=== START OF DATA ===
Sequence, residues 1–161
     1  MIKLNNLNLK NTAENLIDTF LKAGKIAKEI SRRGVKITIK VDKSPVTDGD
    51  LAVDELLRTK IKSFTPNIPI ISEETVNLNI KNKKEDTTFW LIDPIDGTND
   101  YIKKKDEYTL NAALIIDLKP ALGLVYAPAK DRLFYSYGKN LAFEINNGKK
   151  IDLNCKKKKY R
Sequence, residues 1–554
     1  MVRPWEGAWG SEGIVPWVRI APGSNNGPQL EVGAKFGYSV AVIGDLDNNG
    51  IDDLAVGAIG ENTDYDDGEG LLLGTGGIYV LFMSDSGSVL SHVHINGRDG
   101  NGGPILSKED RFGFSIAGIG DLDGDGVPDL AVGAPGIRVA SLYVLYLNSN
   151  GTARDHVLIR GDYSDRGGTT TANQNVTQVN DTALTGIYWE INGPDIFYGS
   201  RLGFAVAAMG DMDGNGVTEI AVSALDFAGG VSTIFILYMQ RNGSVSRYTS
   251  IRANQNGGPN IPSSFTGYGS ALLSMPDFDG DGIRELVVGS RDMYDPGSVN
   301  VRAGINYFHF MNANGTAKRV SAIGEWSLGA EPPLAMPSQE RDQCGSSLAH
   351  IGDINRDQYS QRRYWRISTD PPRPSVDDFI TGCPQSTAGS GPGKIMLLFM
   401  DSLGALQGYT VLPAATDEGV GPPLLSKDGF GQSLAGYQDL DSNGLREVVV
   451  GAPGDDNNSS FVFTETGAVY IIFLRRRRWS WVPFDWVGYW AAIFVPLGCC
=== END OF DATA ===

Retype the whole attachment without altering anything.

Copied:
Sequence, residues 1–161
     1  MIKLNNLNLK NTAENLIDTF LKAGKIAKEI SRRGVKITIK VDKSPVTDGD
    51  LAVDELLRTK IKSFTPNIPI ISEETVNLNI KNKKEDTTFW LIDPIDGTND
   101  YIKKKDEYTL NAALIIDLKP ALGLVYAPAK DRLFYSYGKN LAFEINNGKK
   151  IDLNCKKKKY R
Sequence, residues 1–554
     1  MVRPWEGAWG SEGIVPWVRI APGSNNGPQL EVGAKFGYSV AVIGDLDNNG
    51  IDDLAVGAIG ENTDYDDGEG LLLGTGGIYV LFMSDSGSVL SHVHINGRDG
   101  NGGPILSKED RFGFSIAGIG DLDGDGVPDL AVGAPGIRVA SLYVLYLNSN
   151  GTARDHVLIR GDYSDRGGTT TANQNVTQVN DTALTGIYWE INGPDIFYGS
   201  RLGFAVAAMG DMDGNGVTEI AVSALDFAGG VSTIFILYMQ RNGSVSRYTS
   251  IRANQNGGPN IPSSFTGYGS ALLSMPDFDG DGIRELVVGS RDMYDPGSVN
   301  VRAGINYFHF MNANGTAKRV SAIGEWSLGA EPPLAMPSQE RDQCGSSLAH
   351  IGDINRDQYS QRRYWRISTD PPRPSVDDFI TGCPQSTAGS GPGKIMLLFM
   401  DSLGALQGYT VLPAATDEGV GPPLLSKDGF GQSLAGYQDL DSNGLREVVV
   451  GAPGDDNNSS FVFTETGAVY IIFLRRRRWS WVPFDWVGYW AAIFVPLGCC